"Rule-Breakers" in Scoliosis Treatment
Adolescent idiopathic scoliosis (AIS) isn't an easy problem to treat. Just ask any orthopedic surgeon involved in the treatment of children with this condition. The cause of this type of spinal curvature in teens is poorly understood. That's why it's called idiopathic (unknown).
There are many spinal curve types: fixed curves, flexible curves, structural curves, major curves, minor curves, thoracic curves, thoracolumbar curves, double curves, triple curves, and so on. Finding a way to accurately evaluate and successfully treat this condition is a challenge.
One way to approach the problem is through the use of a classification system. Such a system helps define the location, type, and severity of the spinal curve. The goal is to direct treatment so that children with the same problem get the same treatment. A secondary goal is to guide surgical treatment (when fusion is needed).
The underlying desire of treatment is to save as much motion and flexibility as possible. The surgeon gives consideration to the need for good alignment, posture, function, and cosmetics (appearance). Sometimes there's a fine line between correcting the spinal deformity while preserving flexibility.
The Lenke classification system for adolescent idiopathic scoliosis (AIS) was first developed in 2001. There's been 10 years of data collected now using this system. This study was conducted to see how well the system is working.
There are six curve types described by this system. They are based on location (thoracic, lumbar, thoracolumbar), type (main, double, triple), and whether or not the curve is structural (cannot be corrected) or flexible (can be corrected).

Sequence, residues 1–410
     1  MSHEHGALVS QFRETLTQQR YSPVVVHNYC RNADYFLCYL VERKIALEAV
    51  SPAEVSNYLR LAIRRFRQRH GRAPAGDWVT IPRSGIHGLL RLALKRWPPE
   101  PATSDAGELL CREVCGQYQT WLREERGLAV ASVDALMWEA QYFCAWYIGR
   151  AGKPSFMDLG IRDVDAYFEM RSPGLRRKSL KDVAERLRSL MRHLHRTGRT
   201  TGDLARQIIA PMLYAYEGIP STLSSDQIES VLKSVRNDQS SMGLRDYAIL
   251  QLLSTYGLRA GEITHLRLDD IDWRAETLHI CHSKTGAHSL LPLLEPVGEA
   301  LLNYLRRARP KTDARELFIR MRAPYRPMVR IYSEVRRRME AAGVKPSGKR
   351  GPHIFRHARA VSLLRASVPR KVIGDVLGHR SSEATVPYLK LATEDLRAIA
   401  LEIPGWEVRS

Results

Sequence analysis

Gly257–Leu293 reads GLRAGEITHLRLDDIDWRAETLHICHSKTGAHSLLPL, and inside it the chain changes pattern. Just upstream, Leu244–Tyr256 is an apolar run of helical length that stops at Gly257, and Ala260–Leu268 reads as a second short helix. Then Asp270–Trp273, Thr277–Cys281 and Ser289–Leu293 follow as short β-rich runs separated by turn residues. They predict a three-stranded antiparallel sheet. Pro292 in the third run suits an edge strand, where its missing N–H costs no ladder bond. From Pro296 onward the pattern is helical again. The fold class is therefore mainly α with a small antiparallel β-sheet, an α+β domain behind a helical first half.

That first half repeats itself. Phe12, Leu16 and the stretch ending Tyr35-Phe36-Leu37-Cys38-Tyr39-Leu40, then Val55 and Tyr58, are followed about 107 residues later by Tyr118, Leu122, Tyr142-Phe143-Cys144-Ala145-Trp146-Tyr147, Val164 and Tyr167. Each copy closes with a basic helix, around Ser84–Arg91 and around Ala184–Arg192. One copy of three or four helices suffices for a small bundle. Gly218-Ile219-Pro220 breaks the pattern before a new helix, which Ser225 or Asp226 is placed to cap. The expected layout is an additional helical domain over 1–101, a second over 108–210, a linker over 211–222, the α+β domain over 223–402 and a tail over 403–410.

Using this classification system as a guide, surgeons fuse major curves and minor curves that are structural (fixed). But there are times when individual patient factors lead the surgeon to make a different decision. These are the "rule-breakers". For example, a structural (fixed or permanent) curve that doesn't get fused or a nonstructural (flexible) curve that does get fused are "rule-breakers."
A study like this is important because what's the point of having a classification system if the guidelines ("rules") don't apply to the majority of patients? When too many patients fall outside the established criteria, then treatment varies and the system breaks down.
After reviewing the records of over 1300 patients, the authors found that 15 per cent of the group did not follow the rules when carrying out surgical treatment. They took a closer look at the patients who were evaluated using the Lenke classification but treated differently than recommended by this system.
Analysis of the data showed that treatment was more consistent when using the Lenke system (compared with before the system was put into place). Treatment deviated most often when the less common curve types were the focus of treatment. But for the most part, the system did give surgeons a better handle on which curves were structural versus nonstructural and therefore when to fuse the spine.
Future studies are needed to measure the results of treatment when the Lenke classification system is followed and compare those results to cases where the rules are broken. Another area of research focus might be looking at reasons why surgeons choose to ignore the treatment recommendations based on this classification system and outcomes in those cases as well.
David H. Clements, MD, et al. Did the Lemke Classification Change Scoliosis Treatment? In Spine. June 2011. Vol. 36. No. 14. Pp. 1142-1145.